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Animal rights first requires animal-friendly society

I enjoyed your column on animal law very much ("Animal rights:the great debate," Aug. 25). Genetic similarity is not a basis for rights. While the lay public may sooner grant a chimpanzee moral rights before sharks, because of their similarity to humans, humans are not the defining model of who deserves rights.

Sentience is the capacity to sense, minimally considered as just sensing pain. The animal rights platform, as I understand it, is to allow life and liberty to all who want it unless they threaten another's life and liberty, and to keep safe from pain to all who can feel pain. This includes everyone in the animal kingdom, including humans. It is not an issue of elitism, which human law has always embodied (denying rights to minorities has always been foundational in human law), but of who needs protection.

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Our culture is married to animal abuse, so there will be a lot of litigation as we implement the "divorce." Call it growing pains or animal emancipation, every culture which loses a market it's always exploited, whether slave labor, child labor, whale hunting, or poaching elephants, the shift from an animal-abusing to an animal-friendly culture is necessary for the ethical responsibility humans have to others regardless of their genetic makeup.

The fact that an animal can feel pain obligates us not to inflict pain. Yes, it is best for the animals to have legal protection against their wholesale slaughter and torture and false imprisonment. For even if it's a clumsy climb up the legal ladder, we must achieve, and remain on, the moral high ground.

Jerry Friedman Los Angeles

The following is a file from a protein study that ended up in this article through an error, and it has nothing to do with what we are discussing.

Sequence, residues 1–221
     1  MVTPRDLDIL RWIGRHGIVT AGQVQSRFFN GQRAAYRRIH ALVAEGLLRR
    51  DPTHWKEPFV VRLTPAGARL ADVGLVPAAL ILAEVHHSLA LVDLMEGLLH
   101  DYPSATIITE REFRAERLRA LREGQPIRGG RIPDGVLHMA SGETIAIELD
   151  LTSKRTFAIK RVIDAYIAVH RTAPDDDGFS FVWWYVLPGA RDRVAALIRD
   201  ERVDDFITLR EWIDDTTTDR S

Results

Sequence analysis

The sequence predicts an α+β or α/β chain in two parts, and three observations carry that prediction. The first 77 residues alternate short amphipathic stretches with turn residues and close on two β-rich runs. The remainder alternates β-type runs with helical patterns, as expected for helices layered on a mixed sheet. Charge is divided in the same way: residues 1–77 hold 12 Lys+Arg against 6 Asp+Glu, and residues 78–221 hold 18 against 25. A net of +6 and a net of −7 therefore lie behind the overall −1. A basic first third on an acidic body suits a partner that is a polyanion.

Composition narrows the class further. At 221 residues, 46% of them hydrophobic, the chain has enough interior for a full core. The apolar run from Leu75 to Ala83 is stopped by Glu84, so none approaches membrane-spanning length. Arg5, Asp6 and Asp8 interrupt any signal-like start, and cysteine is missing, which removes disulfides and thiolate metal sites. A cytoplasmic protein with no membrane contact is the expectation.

Our current laws allow us to test caustic, painful chemicals on animals merely to bring to market the latest and trendiest cosmetics. We wear the skins of other sentient beings, many of which are trapped using the brutal steel-jawed leghold trap which also grasps and kills nontarget animals such as dogs, cats - even "protected" bald eagles.

We eat the flesh of adult and baby cows, pigs, chickens, and other animals raised in brutal confinement and slaughtered using methods crueler than those at Auschwitz.

Then there are dancing elephants, pit-bull fights and cockfights, "canned" hunts, and "snuff" films. I therefore applaud the courageous and foresighted attorneys who are challenging our current legal system. We do need a new ethic where other sentient species are not considered property.

Constance Young Pine Plains, N.Y.

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Is a missile shield enough?

A missile shield system to defend the United States against ballistic missiles overlooks one important point: the threat is not the transporter missile, but the nuclear bomb it carries (editorial, "Missile shield: not quite yet," Aug. 30).

Assume we develop a perfect defense system. A country could simply give a nuclear bomb to some terrorist group to smuggle into the US and transport by truck to the target city. The attacking country is unknown. Then what is your defense strategy? The best solution is a program to gather and place all bomb-grade nuclear material under control of responsible nations.

Stan Logue San Diego, Calif.

Using resources to help the homeless

Thank you for the article "Seeking shelter for the invisible homeless" (Aug. 25). It is the type of reporting that only the Monitor provides.

Citizens should remember that every dollar Congress gives to the Pentagon is a dollar taken from domestic programs, such as the homeless, Head Start, child nutrition, and aid to the poor of other countries.

Joseph Towle East Weymouth, Mass.

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(c) Copyright 1999. The Christian Science Publishing Society

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